Guest commentary

Sure, the above title is a bit tongue-in-cheek as I think back on one of my most memorable forecasts in this Veterans Day week:  a forecast I made 26 years ago for Veterans Day, November 11, 1987.

One the eve of D.C.’s biggest November snowfall on record, I forecast cold rain and “possibly even some wet snow flakes”.  I thought I was a bit out on a limb mentioning wet snow flakes in early November.

It was a huge busted forecast.

Veterans’ Day services in the snow at Arlington, Virginia, November 11, 1987. The afternoon forecast was for partly cloudy skies with temperatures in the 40s but 11.5” of snow fell at National Airport, with some areas picking up more than a foot of snow. Source: Washington Weather

That cold rain turned into 11.5 inches of snow and still ranks as one of the top five surprise snowstorms in Washington.  I do remember looking at the various weather charts and my forecasting tools on November 10, 1987 and thinking to myself, “Boy if this was December, January or February, this would be a big snow” . . . but not November.  It was a true black swan event in my forecasting career.

I mention the Veterans Day storm of 26 years ago, because about 26 years before that date (the early-mid 60s), the science of weather forecasting had begun the historic move into numerical weather prediction (NWP).  NWP is heart of modern weather forecasting, the process that uses computers to solve the fundamental mathematical equations of the physical laws that govern our current and future weather.

This digital revolution in weather forecasting in the last 60 years has seen incredible progress – certainly a more accurate Veterans Day forecast today than 26 years ago.  Yet the effective communication and corresponding wording and graphics of today’s weather forecasts have not kept pace with the great advances in the science.

Words have meaning. And yet many of the words we still use confuse more than help the public make the best weather-related decision.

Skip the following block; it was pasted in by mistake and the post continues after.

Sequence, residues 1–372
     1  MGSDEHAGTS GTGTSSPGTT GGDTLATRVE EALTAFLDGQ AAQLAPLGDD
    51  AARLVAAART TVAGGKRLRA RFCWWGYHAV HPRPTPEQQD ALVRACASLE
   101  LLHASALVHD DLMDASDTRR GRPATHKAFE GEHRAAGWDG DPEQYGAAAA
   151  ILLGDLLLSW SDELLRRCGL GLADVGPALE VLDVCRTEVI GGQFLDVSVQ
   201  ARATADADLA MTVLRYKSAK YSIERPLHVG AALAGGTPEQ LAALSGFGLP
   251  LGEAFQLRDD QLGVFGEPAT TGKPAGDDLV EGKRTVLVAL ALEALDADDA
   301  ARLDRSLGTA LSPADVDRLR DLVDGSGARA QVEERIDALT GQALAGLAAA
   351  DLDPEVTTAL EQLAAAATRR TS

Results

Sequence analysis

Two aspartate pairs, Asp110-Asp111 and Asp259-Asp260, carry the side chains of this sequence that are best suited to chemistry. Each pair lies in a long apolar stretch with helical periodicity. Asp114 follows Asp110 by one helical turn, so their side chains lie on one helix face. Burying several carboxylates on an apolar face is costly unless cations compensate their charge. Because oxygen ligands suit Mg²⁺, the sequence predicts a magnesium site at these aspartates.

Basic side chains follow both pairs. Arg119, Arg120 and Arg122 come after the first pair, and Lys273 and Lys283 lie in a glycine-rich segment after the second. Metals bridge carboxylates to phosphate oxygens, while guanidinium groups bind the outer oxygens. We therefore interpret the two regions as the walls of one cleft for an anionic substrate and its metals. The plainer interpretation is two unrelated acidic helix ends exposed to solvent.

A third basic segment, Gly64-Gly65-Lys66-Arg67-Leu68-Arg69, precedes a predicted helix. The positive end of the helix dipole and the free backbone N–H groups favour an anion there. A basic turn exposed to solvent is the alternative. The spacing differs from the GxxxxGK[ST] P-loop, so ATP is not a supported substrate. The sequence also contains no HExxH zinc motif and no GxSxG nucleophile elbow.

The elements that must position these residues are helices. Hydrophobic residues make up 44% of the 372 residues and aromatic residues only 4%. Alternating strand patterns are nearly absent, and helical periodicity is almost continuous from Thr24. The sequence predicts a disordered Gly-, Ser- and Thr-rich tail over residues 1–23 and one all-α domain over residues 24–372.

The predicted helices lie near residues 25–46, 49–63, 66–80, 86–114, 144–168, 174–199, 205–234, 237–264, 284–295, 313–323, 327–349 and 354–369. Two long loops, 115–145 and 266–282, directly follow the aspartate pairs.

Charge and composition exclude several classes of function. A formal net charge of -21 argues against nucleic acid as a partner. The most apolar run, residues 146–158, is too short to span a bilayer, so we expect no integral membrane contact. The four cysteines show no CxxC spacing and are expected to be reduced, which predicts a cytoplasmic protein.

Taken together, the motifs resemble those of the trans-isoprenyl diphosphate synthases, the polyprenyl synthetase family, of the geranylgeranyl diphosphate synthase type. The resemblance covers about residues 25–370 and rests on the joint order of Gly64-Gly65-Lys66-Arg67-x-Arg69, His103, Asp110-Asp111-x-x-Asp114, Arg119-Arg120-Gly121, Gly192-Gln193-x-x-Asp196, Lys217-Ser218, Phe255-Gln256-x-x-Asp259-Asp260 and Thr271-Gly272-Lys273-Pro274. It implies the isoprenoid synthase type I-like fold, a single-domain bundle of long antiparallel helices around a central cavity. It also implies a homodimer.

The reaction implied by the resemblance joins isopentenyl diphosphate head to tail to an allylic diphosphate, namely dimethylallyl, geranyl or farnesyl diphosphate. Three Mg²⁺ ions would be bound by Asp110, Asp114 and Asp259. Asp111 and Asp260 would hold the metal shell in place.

All the employees I know at the National Weather Service (NWS) are dedicated (and many overworked) professionals who are passionate about what they do, from the newest intern to senior forecasters to our science’s leaders. Yet its Sunday morning forecast for Tuesday in Washington was vaguely-worded: “ . . .a chance of rain or snow showers,” it said.

Forecasting tools such as ensemble numerical guidance (which Capital Weather Gang’s Steve Tracton has often written about) sure give us more to communicate than “chance of rain or snow.”

How about Sunday morning’s local digital forecast graph from the NWS?

That’s what generated the “chance rain or snow” for Tuesday.  Yet at the same time, this graphical ensemble forecast tool was available:

This graphic clearly indicated the chance of rain was much higher than any chance of snow.  Additionally, (even after Veterans Day 1987), the climatological probability of accumulating snow on November 11 is less than 10%.  Nevertheless, we are still stuck with digitally-generated worded forecasts that don’t reflect the current skill of our forecast systems.

For sure, a simple icon like this…

…is almost useless for making weather related decisions.

So many forecasts from TV to the NWS do not effectively communicate the uncertainty we know exists in a weather forecast.

Would you trust this forecast 10 days from now?

A high of 33 on day 10, not 32 or 34, but 33?  That singular number overstates the precision at which we can forecast that far into the future.

While numbers can mislead, words can confuse.